Start Good Foot Health At Birth At birth, foot problems may not be obvious until your child begins to walk. Counting the toes is important but also take a look at the shape of the baby’s feet; notice if there is something different. Some problems resolve on their own, others need treatment and early intervention. So let’s talk about a few common findings. Every parent wants to see five perfect toes on each foot, but there are times when a sixth toe will show up. This is called polydactyly. The main problem with an extra digit is fitting shoes properly and in later years the child may feel self- conscious. This extra digit can be removed with a minor surgical procedure as an outpatient. Flatfeet are common and usually inherited. Arches generally become apparent when the child reaches their second or third birthday. This problem may not cause pain now but could affect gait resulting in back or knee pain in
Stuart W. Honick, D.P.M., P.T. Podiatric Medicine & Surgery Diplomate American Board of Podiatric Surgery Board Certified In Foot Surgery
4 Arthritis 4 Athlete’s Foot 4 Bunions 4 Diabetic Foot Care 4 Foot & Ankle Injuries 4 Foot Surgeries 4 Fungal Nails
4 Hammertoes 4 Heel Pain 4 MLS Robotic
392 N. White Horse Pike Suite # 2 Hammonton, NJ
4 Nail Problems 4 Neuromas 4 Orthotics 4 Warts
5401 Harding Highway Suite # 5 Mays Landing, NJ
the future or a common deformity such as bunions. Many sneakers have arches incorporated into the product, but if not, an arch can easily be added and, in time an orthotic can be made to supply the arch your child did not develop. In-toeing also known as “pigeon toed” may be cute in a toddler but no one wants to see their teenagers tripping over their own feet because their in-toeing was not addressed early on. Most in-toeing resolves on its own over time. It’s the children who do not grow out of it who need treatment. A foot and leg evaluation by a Podiatrist can help find the cause and appropriate intervention can be started. Treatment may require changes in sitting positions, i.e. do not tuck legs back and out to the sides in a “W” formation, children should sit with legs in criss-cross. Maybe the child has tight tendons where simple stretching exercises with a night splint will help. If the problem arises from a torsion or “twist” in the leg or femur and bracing has not helped, then a surgical evaluation would be encouraged. Out-toeing is the opposite of in-toeing and usually does not correct on its own. The child’s foot will point noticeably out to the side rather than forward as it should. Night splints and orthotics are indicated. A more obvious deformity at birth, and one that was diagnosed with ultrasound in utero, is clubfoot also known as Talipes equinovarus. One or both feet can be involved and this can occur in approximately 1 in every 1,000 births in the U.S. The foot appears to be in a C-shape and tends to point in and down. If the foot and ankle are flexible, casting followed by night splints can manage the problem. Custom made orthotics will follow as well. If the deformity is fixed or rigid, then surgery by a Podiatric Foot and Ankle specialist would be indicated. Flexible or not, this deformity will cause pain and handicap in the future if not diagnosed and managed early.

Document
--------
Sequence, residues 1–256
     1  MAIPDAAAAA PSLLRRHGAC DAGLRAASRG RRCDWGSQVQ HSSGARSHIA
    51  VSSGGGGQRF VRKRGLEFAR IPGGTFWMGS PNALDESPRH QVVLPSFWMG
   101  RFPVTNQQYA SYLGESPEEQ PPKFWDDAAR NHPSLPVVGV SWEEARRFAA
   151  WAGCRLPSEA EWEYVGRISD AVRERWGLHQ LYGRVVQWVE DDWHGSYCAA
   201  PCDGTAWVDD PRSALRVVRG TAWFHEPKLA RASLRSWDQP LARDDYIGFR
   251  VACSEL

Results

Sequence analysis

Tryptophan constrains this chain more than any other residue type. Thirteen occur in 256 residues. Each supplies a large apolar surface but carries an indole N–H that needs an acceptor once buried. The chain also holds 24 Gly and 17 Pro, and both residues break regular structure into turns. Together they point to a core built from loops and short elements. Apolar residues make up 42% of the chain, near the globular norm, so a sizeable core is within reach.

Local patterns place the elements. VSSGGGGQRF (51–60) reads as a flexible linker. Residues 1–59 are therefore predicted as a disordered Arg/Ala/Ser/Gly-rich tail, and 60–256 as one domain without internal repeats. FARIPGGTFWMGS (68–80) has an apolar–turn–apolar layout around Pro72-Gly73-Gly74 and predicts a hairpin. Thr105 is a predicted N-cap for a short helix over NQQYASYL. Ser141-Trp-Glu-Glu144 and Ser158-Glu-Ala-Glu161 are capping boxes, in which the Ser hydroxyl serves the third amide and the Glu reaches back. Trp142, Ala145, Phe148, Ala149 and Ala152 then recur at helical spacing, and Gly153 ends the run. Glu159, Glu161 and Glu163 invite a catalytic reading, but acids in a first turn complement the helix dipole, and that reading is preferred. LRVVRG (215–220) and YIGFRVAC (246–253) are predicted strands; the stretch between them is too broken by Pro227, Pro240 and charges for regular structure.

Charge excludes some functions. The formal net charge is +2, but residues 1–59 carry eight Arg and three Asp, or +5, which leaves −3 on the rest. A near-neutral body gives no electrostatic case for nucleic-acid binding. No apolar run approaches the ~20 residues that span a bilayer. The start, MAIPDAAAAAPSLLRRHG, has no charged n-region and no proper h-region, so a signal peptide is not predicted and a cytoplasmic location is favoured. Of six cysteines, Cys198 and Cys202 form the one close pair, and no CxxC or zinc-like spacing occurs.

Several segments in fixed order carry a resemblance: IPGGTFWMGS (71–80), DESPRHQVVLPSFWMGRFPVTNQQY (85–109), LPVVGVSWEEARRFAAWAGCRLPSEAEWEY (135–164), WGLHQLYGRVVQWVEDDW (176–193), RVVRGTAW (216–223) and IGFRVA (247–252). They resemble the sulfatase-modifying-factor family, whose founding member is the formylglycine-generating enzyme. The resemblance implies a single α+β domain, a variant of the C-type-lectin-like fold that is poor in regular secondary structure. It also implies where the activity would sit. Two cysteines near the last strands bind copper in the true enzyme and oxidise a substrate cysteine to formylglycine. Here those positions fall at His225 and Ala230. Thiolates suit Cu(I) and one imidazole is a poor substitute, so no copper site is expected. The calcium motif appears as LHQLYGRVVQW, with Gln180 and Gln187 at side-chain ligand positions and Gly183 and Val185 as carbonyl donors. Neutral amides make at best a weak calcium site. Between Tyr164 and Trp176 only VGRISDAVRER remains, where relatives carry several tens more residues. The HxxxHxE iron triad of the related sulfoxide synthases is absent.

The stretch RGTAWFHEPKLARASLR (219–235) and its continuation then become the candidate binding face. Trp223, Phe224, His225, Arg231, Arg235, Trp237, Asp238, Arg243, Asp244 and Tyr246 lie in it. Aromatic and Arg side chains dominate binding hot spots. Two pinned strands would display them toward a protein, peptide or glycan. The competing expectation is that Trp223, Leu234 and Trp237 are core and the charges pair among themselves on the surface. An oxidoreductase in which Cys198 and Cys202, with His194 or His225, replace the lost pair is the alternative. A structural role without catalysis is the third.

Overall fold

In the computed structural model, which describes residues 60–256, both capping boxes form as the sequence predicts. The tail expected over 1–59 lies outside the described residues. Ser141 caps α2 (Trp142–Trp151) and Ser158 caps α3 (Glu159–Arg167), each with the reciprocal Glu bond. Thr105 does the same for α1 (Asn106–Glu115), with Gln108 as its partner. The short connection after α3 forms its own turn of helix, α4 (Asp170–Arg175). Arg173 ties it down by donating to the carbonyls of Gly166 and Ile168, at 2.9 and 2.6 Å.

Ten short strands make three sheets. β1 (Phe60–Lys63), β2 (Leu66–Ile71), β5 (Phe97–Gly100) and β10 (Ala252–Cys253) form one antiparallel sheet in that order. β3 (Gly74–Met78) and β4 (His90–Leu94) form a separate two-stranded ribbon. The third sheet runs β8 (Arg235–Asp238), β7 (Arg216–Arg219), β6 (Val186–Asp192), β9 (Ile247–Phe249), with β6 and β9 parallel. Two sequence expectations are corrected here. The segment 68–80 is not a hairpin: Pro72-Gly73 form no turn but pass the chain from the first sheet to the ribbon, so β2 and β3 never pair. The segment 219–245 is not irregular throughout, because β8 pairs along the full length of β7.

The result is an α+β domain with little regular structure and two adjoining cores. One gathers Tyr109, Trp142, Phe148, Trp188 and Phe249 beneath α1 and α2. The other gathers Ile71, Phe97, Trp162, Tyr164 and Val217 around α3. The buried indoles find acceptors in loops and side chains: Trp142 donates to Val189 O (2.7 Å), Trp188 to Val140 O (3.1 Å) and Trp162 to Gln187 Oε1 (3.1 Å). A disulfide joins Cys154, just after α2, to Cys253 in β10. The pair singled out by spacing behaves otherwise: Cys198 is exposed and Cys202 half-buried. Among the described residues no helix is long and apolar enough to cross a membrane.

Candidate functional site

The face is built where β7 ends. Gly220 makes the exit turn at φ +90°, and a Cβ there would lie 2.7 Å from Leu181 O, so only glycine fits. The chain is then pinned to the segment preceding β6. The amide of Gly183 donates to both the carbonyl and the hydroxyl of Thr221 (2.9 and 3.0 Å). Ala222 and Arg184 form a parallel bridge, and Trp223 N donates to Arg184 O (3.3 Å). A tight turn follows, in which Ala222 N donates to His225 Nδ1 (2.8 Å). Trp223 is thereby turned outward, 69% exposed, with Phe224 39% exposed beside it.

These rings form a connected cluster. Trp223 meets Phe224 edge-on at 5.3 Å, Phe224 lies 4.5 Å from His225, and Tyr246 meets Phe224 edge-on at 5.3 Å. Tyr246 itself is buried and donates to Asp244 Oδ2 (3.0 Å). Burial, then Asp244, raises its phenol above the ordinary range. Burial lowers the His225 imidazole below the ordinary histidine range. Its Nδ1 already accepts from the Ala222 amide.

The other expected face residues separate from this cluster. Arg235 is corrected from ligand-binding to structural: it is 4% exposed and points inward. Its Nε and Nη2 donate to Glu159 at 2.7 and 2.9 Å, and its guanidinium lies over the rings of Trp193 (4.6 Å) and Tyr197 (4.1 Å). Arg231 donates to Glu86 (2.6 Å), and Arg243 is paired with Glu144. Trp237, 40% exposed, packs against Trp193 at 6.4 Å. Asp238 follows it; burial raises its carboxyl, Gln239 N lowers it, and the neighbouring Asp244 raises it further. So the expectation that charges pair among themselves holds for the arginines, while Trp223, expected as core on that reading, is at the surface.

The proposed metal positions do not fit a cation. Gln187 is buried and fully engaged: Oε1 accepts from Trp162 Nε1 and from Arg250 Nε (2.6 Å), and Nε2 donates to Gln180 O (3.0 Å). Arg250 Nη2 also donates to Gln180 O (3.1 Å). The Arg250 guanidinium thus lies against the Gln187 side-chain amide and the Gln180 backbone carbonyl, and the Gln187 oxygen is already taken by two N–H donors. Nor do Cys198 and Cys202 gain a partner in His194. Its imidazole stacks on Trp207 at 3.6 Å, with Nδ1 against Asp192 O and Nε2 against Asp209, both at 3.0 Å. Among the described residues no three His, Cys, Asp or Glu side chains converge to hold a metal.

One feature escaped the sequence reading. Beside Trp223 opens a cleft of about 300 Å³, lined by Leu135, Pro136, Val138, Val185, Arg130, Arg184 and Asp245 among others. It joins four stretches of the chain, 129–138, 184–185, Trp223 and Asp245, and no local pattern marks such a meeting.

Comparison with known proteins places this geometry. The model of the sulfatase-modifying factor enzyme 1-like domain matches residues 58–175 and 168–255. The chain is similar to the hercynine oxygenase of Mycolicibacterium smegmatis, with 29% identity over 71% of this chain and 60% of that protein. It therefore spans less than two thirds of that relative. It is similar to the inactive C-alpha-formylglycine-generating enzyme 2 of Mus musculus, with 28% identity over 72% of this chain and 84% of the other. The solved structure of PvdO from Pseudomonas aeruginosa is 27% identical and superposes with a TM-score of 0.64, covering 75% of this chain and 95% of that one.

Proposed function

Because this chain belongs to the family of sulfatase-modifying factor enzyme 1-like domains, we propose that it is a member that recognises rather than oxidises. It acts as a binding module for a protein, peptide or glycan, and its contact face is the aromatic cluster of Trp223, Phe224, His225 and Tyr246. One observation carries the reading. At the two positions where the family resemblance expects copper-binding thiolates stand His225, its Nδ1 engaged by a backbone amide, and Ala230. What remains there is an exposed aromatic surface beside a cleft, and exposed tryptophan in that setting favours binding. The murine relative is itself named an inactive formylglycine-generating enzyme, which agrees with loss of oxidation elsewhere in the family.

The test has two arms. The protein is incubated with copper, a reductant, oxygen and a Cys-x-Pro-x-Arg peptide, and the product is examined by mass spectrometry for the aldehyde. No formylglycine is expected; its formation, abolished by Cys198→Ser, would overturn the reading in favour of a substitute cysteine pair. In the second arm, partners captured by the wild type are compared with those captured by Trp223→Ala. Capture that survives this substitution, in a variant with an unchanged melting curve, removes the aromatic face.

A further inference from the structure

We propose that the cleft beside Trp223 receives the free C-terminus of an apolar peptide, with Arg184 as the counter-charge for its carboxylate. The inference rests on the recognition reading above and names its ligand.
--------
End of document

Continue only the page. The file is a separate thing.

For more information or to schedule an appointment call 609-625-5400.
Dr. Stuart W. Honick
The County Woman Magazine www.TheCountyWoman.com
Published on Sep 14, 2017
The County Woman ™ is part of a nationally syndicated publication and has been around for over 31 years. There are over 371 other counties t...